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Reconstruction of a traumatic duodenal transection with a pedicled ileal loop: a case report
© Kambaroudis et al; licensee BioMed Central Ltd. 2010
Received: 14 January 2010
Accepted: 26 October 2010
Published: 26 October 2010
Blunt duodenal injuries do not occur often. A patient with damage to the duodenal tissue around the pancreatic and common bile duct presents a challenge to surgeons. The choice of procedure must be tailored to the nature of the defect and the amount of tissue lost.
We describe the case of a 16-year-old Caucasian boy with a blunt duodenal injury after a motor vehicle accident. On admission, the patient had stable vital signs and a normal laboratory workup. Gradually his clinical condition deteriorated and a computed tomography scan showed a retroperitoneal haematoma at the level of his duodenum. A fully circumferential rupture of the second part of his duodenum was found during laparotomy, with the intact Vater's papilla lying adjacent to the defect and a superficial laceration of the head of his pancreas. The retroperitoneal haematoma was thoroughly drained and a pedicled ileal loop was interposed between the duodenal stumps to restore the continuity of the patient's duodenum. Apart from a mild postoperative pancreatitis, the patient's postoperative course evolved with no further problems. The patient was discharged on the 22nd postoperative day in excellent condition and has remained so to date (after five years).
In our case report, where the second part of the patient's duodenum was completely transected, our choices for reconstruction were limited. Important factors for the successful management of this patient were prompt surgical intervention and the accurate assessment of the nature of the duodenal and associated injuries. We believe that the technique we used was a reasonable choice because the anatomical continuity of the patient's duodenum was restored.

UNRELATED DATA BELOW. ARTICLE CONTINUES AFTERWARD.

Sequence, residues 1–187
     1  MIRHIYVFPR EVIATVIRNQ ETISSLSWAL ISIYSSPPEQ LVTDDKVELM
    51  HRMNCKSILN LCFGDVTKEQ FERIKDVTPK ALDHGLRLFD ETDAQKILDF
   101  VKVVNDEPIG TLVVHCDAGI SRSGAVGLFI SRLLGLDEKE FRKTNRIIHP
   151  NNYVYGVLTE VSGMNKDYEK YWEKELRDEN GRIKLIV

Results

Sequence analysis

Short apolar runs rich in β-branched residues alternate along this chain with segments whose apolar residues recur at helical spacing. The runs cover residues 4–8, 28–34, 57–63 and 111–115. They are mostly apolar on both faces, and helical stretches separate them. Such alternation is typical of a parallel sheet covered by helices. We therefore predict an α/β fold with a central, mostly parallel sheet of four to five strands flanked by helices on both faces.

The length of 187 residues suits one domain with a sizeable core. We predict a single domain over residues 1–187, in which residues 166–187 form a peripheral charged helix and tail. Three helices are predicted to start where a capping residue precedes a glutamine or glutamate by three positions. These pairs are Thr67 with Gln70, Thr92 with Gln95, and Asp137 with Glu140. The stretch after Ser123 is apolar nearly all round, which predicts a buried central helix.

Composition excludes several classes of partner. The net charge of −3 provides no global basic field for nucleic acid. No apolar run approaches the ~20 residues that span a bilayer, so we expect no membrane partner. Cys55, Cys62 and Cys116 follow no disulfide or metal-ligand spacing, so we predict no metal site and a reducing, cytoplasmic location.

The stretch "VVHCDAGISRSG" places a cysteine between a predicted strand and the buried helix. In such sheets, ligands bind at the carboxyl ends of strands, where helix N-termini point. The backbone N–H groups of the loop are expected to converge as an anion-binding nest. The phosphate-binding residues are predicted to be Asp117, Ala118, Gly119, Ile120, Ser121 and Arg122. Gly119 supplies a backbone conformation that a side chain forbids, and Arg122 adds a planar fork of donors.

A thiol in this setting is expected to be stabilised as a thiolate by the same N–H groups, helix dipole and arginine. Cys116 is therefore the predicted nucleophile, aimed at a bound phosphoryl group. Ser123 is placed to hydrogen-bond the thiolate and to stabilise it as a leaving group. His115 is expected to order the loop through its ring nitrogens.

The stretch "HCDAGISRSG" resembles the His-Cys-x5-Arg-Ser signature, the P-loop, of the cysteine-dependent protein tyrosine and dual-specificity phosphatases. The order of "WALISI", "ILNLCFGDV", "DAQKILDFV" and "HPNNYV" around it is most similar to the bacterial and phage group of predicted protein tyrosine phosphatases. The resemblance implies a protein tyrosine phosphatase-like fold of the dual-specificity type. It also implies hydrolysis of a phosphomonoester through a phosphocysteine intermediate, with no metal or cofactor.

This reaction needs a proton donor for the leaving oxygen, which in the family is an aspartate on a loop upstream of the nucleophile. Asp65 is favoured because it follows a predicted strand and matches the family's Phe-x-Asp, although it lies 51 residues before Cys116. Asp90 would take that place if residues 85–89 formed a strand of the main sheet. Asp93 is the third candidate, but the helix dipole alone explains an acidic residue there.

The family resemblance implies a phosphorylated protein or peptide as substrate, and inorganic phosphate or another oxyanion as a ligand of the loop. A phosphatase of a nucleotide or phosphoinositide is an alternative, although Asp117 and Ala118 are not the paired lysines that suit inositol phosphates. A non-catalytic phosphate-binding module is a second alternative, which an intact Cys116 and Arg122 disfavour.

Patients with duodenal injuries represent approximately 4% of all patients with abdominal injuries from blunt trauma, usually resulting from motor vehicle accidents, which account for 22% of all patients with duodenal injuries . Due to the anatomical position of the duodenum, blunt duodenal trauma is usually associated with injuries to adjacent structures, including the pancreas, bile duct, mesenteric vessels, and inferior vena cava . As the diagnosis of a patient with a blunt duodenal injury is difficult, and even though there are many laboratory tests and radiological studies available, laparotomy with exploration of the retroperitoneal space remains the decisive diagnostic procedure . Delays in diagnosis and treatment result in increased morbidity and mortality, so early diagnosis is very important [3, 4].
An array of surgical techniques have been developed for the management of patients with duodenal injuries. The surgeon should choose the most efficient technique according to the type and seriousness of the patient's injury .
We describe our case report of a patient with a complete transection of the second part of his duodenum, resulting from a blunt abdominal injury. The surgical technique that was implemented is somewhat different from those that are usually described.
A 16-year-old Caucasian boy was brought to the emergency department of our hospital after a motor vehicle accident. According to the description of the accident, the young man was hurled from his motorcycle and hit an immobile obstacle, impacting on it with his anterior abdominal wall. He had no apparent external injuries. When he arrived at the hospital he was haemodynamically stable with a blood pressure reading of 120/80 mmHg, a heart rate of 88 pulses/minute and a Glasgow Coma Scale(GCS) score of 15. The patient experienced pain and tenderness on palpation of his right upper abdominal quadrant; the rest of his abdomen was soft and nontender to palpation.